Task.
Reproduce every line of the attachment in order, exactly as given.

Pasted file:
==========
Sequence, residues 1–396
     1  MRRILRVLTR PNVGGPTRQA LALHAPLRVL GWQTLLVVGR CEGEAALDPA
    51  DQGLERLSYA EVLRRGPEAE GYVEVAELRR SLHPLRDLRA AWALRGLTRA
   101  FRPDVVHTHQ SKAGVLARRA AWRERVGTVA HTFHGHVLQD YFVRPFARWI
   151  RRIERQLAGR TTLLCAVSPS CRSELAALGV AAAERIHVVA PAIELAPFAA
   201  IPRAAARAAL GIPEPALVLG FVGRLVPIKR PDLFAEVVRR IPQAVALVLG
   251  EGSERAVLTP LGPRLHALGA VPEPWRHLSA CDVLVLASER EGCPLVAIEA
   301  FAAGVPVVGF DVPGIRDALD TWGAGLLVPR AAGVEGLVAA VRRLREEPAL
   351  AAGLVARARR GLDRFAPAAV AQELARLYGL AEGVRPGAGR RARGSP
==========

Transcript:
Sequence, residues 1–396
     1  MRRILRVLTR PNVGGPTRQA LALHAPLRVL GWQTLLVVGR CEGEAALDPA
    51  DQGLERLSYA EVLRRGPEAE GYVEVAELRR SLHPLRDLRA AWALRGLTRA
   101  FRPDVVHTHQ SKAGVLARRA AWRERVGTVA HTFHGHVLQD YFVRPFARWI
   151  RRIERQLAGR TTLLCAVSPS CRSELAALGV AAAERIHVVA PAIELAPFAA
   201  IPRAAARAAL GIPEPALVLG FVGRLVPIKR PDLFAEVVRR IPQAVALVLG
   251  EGSERAVLTP LGPRLHALGA VPEPWRHLSA CDVLVLASER EGCPLVAIEA
   301  FAAGVPVVGF DVPGIRDALD TWGAGLLVPR AAGVEGLVAA VRRLREEPAL
   351  AAGLVARARR GLDRFAPAAV AQELARLYGL AEGVRPGAGR RARGSP